Who Shrunk China? Puzzles in the Measurement of Real GDP
AbstractThe latest World Bank estimates of real GDP per capita for China are significantly lower than previous ones. We review possible sources of this puzzle and conclude that it reflects a combination of factors, including substitution bias in consumption, reliance on urban prices which we estimate are higher than rural ones, and the use of an expenditure-weighted rather than an output-weighted measure of GDP. Taking all these together, we estimate that real per-capita GDP in China was 50% higher relative to the U.S. in 2005 than the World Bank estimates.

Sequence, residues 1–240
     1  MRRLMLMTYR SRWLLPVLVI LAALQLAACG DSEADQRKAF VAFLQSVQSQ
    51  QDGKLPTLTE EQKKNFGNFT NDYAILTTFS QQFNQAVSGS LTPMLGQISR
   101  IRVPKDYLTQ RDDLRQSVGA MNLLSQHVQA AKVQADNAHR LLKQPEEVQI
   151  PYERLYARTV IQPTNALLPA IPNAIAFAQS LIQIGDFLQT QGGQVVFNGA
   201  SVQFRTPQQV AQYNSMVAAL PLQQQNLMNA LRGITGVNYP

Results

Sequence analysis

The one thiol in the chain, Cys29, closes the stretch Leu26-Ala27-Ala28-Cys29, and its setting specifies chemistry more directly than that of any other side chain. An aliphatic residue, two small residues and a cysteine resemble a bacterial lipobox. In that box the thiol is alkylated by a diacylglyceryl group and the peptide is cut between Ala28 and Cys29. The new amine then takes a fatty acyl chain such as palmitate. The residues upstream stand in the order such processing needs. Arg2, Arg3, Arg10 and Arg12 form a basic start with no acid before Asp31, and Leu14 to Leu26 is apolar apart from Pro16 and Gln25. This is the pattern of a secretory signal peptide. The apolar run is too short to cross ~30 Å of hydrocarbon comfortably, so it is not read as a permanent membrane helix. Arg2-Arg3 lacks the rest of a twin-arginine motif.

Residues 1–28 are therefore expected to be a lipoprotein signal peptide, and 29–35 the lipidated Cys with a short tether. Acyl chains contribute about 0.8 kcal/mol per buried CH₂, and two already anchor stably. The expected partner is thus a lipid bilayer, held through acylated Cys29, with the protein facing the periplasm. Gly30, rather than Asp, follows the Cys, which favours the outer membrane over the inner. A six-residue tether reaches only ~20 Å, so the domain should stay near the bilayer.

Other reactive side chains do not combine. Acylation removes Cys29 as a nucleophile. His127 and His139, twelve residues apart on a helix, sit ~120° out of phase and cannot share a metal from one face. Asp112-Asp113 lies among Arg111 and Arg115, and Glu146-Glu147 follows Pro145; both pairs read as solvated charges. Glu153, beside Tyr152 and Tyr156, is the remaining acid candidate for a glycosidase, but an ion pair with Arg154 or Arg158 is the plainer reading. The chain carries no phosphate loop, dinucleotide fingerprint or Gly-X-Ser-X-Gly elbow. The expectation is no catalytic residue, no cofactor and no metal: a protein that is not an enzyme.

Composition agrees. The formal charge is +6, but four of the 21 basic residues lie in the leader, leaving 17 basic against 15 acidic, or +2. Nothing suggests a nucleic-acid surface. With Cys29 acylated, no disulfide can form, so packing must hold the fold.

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Bibliographic InfoPaper provided by National Bureau of Economic Research, Inc in its series NBER Working Papers with number 17729.
Date of creation: Jan 2012
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Other versions of this item:
- Feenstra, Robert & Ma, Hong & Neary, J Peter & Rao, DS Prasada, 2011. "Who Shrunk China? Puzzles in the Measurement of Real GDP," CEPR Discussion Papers 8592, C.E.P.R. Discussion Papers.
- Peter Neary & Robert C. Feenstra, 2011. "Who Shrunk China?� Puzzles in the Measurement of Real GDP," Economics Series Working Papers 566, University of Oxford, Department of Economics.
- E01 - Macroeconomics and Monetary Economics - - General - - - Measurement and Data on National Income and Product Accounts and Wealth; Environmental Accounts
This paper has been announced in the following NEP Reports:
- NEP-ALL-2012-01-18 (All new papers)
- NEP-CBA-2012-01-18 (Central Banking)
- NEP-DEV-2012-01-18 (Development)
- NEP-MAC-2012-01-18 (Macroeconomics)
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